Yaakov ben Moshe Levi Moelin
|Rabbi Yaakov ben Moshe Levi Moelin|
Grave of Yaakov ben Moshe Levi Moelin in Worms, Germany
|Died||September 14, 1427|
|Parents||Rabbi Moshe Levi Moelin|
Yaakov ben Moshe Levi Moelin (Hebrew: יעקב בן משה מולין) (c. 1365 – September 14, 1427) was a Talmudist and posek (authority on Jewish law) best known for his codification of the customs (minhagim) of the German Jews. He is also known as Maharil מהרי"ל - the Hebrew acronym for "Our Teacher, the Rabbi, Yaakov Levi" - as well as Mahari Segal or Mahari Moelin. Maharil's Minhagim was a source of law for Moses Isserles’ component of the Shulkhan Arukh.
Maharil was the son and pupil of Moshe Levi Moelin, Rabbi of Mainz, and a pupil of R. Shalom b. Isaac of Wiener Neustadt. At a young age, Moelin was recognized as a budding scholar. In 1387, he succeeded his father as Rabbi of Mainz. He established a yeshiva in Mainz which attracted many students. One of his most noteworthy students was Jacob Weil. Moelin lived through the mass slaughter of Jews in Austria in 1420 and the Hussite wars in 1421, which brought suffering to the Jews of Bavaria and the Rhine; see History of the Jews in Germany. Maharil played an important role in rebuilding these communities. He died and was buried in Worms.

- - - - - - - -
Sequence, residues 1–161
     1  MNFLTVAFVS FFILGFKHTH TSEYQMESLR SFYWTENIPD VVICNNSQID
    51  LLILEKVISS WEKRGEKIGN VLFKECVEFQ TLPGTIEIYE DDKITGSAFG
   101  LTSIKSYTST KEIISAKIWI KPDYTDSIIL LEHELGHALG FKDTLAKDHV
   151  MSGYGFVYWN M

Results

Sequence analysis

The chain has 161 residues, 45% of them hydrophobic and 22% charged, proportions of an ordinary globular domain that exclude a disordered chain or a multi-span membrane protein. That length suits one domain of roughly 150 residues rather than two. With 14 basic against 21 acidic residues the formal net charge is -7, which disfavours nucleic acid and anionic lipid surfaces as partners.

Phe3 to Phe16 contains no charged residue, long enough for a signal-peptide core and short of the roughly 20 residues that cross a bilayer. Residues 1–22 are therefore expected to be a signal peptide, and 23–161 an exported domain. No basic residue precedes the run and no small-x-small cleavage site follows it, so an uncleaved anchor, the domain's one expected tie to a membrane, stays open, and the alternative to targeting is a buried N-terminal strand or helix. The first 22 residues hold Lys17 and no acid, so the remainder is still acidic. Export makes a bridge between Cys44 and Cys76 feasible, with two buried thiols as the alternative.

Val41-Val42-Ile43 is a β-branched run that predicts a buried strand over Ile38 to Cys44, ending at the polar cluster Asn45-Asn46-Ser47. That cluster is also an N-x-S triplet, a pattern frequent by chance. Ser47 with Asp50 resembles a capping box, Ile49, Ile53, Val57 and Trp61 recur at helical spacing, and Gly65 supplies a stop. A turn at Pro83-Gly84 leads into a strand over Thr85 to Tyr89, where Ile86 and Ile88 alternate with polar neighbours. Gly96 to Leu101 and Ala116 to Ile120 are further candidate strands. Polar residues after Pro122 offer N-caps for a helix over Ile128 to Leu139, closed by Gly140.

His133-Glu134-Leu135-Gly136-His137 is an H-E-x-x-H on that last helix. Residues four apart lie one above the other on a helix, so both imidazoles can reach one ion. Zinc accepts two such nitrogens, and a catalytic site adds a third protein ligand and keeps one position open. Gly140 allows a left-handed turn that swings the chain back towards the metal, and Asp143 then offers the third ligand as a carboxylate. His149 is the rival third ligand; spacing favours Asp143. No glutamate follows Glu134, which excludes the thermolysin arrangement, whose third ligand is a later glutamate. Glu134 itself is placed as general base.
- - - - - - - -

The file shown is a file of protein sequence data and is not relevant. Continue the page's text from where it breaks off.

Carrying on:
Moelin composed piyyutim for the synagogue. He was also a notable Hazzan who famously ruled that traditional melodies should not be changed. Some traditional melodies attributed to him were still in use in pre-World War II Mainz. He appears also to have been familiar with the study of astronomy.
Maharil's best known work is Minhagei Maharil, also known as Sefer ha-Maharil or simply the Minhagim. It contains a detailed description of religious observances and rites, at home and in the synagogue, and thus provides an authoritative outline of the minhagim of the German Jews. It also contains sermons and textual comments. It was compiled by Moelin's student, Zalman of St. Goar, and was first published - with various additions - at Sabbioneta, in 1556 and frequently thereafter. It had a great influence on the Jews of Central Europe and was largely responsible for the importance attached to minhag in these communities. This book is frequently quoted in the codes and commentaries - including Moshe Isserles who cites Maharil frequently in the Shulkhan Arukh - and has become a valuable source for later scholars.
Another pupil of Moelin, Eleazer b. Jacob, collected some of Moelin's responsa; these were published in Venice in 1549. Many more of Moelin's responsa remained in manuscript. These were collected and edited by Rabbi Yitzhak Satz, and, published in 1977 under the title SHuT Maharil heChadashot ("New Responsa of Yaakov Molin").
Recently, the German esoteric scholar Georg Dehn has argued that the MaHaRIL was also the author of The Book of Abramelin which he wrote under the pseudonym of Abraham von Worms. However, this is disputed.[dead link]
- Georg Dehn, The Book of Abramelin: A New Translation, transl. by Steven Guth, Ibis Publishing, 2006.